Sunday, March 8, 2009

Breast Implants: A Complex Decision

By Kristen Tsetsi
Journal Inquirer
Originally published: Thursday, October 2, 2008 12:48 PM EDT

"Hooterville" used to be the wholesome pastoral town depicted in the 1965-71 TV series Green Acres. Among Hooterville’s citizens were quirky farmers holding bent pitchforks and general store owners who were also the town postmaster, justice of the peace, and publisher of the local newspaper.

Not these days. “Hooterville” is now considered a physical state to aspire to by a select sect of the American female culture, and, as an abstract sort of “village,” it comprises nearly 2.5 million women who have opted to get breast implants.

The lightness of the name “Hooterville” belies what can often be a psychologically complex, and sometimes physically damaging, decision.

Breasts, it would seem at the surface, are an accessory at the whim of changing fads. Either that or nature has sorely failed women, who have ultimately decided: “If you want something done right, do it yourself.”

The American Society for Aesthetic Plastic Surgery’s “ask-a-surgeon” page says that breast augmentation is “a proven way to improve the size and shape of your breasts.”

But this poses a question or two, such as, what does it mean to “improve” the size and shape of a breast? Who’s deciding what the “correct” size or shape is? And when did a regular breast first start to need “fixing,” anyway?

It seems it was at least as early as the late 1800s, when Rubenesque curves were “in” and surgeons would inject a woman’s own fatty tissue into her breasts to give her the desired ampleness to suit the times. After that, women tried everything from glass balls to ox cartilage to change their breast shape and size.

In the flapper era of the 1920s, thinness and small breasts were at the height of popularity and women would bind their breasts to make themselves appear flat-chested. But later, in the 1940s and ’50s, big breasts made a comeback and another differently barbaric procedure involved rotating the patient’s chest wall tissue into the breast to add volume.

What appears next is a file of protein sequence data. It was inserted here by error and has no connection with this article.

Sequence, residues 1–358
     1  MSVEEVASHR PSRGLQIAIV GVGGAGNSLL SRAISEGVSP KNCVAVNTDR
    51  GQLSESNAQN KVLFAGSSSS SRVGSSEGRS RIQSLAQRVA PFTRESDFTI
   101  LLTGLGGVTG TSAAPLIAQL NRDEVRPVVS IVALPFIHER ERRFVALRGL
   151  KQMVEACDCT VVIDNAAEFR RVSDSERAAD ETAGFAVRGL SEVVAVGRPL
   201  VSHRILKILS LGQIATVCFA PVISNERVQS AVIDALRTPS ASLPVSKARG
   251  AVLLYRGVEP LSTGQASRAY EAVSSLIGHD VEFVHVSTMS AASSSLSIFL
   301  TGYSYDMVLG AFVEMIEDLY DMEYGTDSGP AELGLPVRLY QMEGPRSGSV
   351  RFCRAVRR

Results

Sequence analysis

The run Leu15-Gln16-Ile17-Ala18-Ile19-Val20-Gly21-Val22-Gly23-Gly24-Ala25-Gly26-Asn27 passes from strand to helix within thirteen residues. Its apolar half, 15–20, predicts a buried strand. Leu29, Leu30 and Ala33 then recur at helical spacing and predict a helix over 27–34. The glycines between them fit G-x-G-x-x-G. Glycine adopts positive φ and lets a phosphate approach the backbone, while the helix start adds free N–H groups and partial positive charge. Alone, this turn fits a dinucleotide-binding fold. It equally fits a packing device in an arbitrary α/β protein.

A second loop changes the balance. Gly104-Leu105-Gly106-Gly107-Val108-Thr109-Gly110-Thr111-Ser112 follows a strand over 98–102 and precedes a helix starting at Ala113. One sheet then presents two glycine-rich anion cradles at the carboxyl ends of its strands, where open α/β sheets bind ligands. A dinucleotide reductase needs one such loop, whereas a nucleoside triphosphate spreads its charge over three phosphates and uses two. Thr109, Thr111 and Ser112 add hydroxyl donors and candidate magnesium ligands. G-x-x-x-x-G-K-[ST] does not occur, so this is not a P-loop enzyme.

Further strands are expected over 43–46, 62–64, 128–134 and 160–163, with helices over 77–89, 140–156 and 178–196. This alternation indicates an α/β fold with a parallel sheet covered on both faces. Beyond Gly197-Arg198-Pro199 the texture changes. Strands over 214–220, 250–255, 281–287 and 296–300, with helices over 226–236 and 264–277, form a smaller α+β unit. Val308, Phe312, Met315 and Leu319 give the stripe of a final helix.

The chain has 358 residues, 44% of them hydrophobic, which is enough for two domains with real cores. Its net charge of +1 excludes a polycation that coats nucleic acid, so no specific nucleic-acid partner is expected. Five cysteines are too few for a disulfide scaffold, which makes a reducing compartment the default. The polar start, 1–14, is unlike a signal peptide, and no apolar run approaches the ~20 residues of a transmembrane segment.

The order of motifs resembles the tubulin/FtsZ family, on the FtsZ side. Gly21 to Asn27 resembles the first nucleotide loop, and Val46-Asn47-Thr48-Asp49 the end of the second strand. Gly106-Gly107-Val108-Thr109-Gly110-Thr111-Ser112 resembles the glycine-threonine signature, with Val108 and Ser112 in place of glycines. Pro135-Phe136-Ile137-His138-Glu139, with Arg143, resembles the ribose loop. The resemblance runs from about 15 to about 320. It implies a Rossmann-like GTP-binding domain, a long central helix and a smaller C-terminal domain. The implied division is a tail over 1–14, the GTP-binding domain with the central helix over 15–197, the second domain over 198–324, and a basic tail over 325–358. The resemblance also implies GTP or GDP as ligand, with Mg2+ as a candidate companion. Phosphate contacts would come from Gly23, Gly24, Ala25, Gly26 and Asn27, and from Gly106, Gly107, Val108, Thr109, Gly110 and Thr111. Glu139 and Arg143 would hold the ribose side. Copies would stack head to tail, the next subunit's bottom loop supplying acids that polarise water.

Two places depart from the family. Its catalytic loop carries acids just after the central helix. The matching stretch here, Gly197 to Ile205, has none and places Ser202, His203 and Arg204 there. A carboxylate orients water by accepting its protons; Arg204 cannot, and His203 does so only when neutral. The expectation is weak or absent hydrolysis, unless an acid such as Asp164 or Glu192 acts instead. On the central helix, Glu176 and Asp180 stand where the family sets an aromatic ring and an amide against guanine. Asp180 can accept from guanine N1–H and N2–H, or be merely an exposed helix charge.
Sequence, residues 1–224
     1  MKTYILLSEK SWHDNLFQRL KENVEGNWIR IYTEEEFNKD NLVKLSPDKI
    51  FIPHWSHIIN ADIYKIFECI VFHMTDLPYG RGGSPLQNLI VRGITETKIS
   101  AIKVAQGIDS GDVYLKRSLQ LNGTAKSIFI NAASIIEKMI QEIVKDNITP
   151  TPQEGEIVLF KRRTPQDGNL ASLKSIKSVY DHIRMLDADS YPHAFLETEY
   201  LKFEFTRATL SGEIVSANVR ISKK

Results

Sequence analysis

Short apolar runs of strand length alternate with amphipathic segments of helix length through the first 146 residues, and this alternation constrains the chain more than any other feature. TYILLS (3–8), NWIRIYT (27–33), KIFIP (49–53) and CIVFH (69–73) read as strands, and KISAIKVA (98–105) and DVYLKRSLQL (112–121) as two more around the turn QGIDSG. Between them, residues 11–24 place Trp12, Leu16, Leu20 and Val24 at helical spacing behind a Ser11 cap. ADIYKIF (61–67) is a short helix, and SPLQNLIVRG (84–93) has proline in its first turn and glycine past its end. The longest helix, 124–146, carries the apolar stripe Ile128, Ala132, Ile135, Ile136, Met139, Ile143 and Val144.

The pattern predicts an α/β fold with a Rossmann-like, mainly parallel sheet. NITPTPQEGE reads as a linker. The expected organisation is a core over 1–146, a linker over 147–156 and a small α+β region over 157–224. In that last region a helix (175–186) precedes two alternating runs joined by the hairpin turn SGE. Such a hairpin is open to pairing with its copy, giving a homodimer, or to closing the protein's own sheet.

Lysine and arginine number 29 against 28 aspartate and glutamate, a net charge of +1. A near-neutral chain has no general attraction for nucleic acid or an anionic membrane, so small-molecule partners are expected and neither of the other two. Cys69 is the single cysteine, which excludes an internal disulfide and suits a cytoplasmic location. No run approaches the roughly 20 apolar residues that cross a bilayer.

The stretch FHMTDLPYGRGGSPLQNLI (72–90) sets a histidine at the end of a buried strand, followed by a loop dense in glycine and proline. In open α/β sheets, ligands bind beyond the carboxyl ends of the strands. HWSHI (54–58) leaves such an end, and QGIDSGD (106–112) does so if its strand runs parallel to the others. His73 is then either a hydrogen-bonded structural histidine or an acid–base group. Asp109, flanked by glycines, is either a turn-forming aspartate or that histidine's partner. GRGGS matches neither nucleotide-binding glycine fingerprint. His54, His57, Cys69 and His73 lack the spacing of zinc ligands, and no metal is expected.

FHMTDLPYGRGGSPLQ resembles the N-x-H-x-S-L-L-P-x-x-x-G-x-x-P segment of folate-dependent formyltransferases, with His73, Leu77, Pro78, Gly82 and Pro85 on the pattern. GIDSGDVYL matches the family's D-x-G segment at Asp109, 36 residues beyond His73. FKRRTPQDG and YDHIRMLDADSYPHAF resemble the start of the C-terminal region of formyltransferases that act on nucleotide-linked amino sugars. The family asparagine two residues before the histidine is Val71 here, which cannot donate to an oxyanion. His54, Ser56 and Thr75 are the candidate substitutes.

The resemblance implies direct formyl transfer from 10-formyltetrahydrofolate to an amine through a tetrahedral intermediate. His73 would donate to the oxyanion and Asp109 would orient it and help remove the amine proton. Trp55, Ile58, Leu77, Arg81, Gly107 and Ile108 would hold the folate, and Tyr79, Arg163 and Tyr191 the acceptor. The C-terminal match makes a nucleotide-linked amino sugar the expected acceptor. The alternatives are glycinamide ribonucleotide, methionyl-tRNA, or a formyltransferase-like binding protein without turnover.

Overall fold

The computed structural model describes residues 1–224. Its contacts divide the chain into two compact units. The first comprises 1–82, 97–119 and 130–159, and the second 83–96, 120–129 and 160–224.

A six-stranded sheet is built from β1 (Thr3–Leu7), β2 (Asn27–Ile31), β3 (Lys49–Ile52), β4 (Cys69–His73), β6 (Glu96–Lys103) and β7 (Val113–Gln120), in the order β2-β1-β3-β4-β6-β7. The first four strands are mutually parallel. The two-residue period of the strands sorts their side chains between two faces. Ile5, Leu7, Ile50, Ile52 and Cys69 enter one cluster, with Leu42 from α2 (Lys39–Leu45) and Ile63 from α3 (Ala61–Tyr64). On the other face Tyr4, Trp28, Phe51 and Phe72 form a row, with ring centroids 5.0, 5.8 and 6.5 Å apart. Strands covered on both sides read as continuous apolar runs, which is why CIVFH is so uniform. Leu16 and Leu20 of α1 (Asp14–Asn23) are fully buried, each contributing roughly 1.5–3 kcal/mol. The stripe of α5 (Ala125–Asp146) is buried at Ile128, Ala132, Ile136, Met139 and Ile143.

Reasons behind augmentation

Why so many women are eager to surgically alter their breasts is a question asked even by one plastic surgeon.

“When I have a young woman — unmarried, early 20s — come in and she has a beautiful body, B cup, and says she wants a C, I want to know why,” says Dr. Stephen Brown, a Hartford plastic surgeon who has performed thousands of breast implant surgeries at an average of 100 per year.

If you ask the American Society of Plastic Surgeons, the benefits of breast augmentation surpass simple physical “improvement.” Its Web site,, boasts that “plastic surgery — whether cosmetic or reconstructive — encourages and promotes a strong, positive self-image.”

It goes on to say, “Even a small change on the outside can create an extraordinary change on the inside, allowing an individual’s self-confidence to flourish.”

Brown, who’s taught in the field for 30 years, says that while he’s a member of that society and others, he doesn’t agree 100 percent with the sentiment.

“Self-esteem should come from within,” he says. “Can plastic surgery improve you a little? Yes, if you’re also working on it from within. Any surgery we do can kind of give them a lift, but it’s not going to really change their life. It’s not going to be a life-altering alteration.”

Still, the promise of better self-esteem, which is not proven and has in fact been argued by the American Psychiatric Association, is working.

In 2007 alone, the number of women who had breast augmentation surgery was 399,440, according to the American Society of Aesthetic Plastic Surgery. That’s a nearly 82 percent increase over the 220,000 women who received the surgery in 2001.

Help with free implants

There’s even an Internet site designed to help women get free breast implants. At, a Web site co-founded in 2005 by California resident Jason Moore, testimonials grace a full Web page.

“Hey guys and gals! I have returned home to find myself in Hooterville!!!!!” writes one young woman after discovering her new breasts were paid for.

At, women — whom Moore says are mostly in their late 20s who have had children and want to “repair” their bodies — post their pictures online and become part of an online community in which they vie for the attention of male “benefactors.” Benefactors buy “message credits” for as low as $1.20 that are used to send messages to the women. Each message sent earns credit toward the woman’s procedure.

In February, 83 women raised enough money for implants. As of early April, that number had reached 120.

“We had 21 success stories in the month of January, and 19 in March,” Moore said in a telephone interview. “The highest age of a successful woman was 54.”

“Success stories” are women on the site who receive fully-funded implants.

In February, benefactors numbered 20,000. Now there are up to 40,000, Moore said.

The breast industry is clearly a successful one. Before creating, Moore, who has an MBA in marketing, had tried starting two other Web-based businesses — one in e-mail security and one in computer hardware. Both failed.

“There are a lot of men really into breasts, so it’s very successful,” Moore said.

Complications abound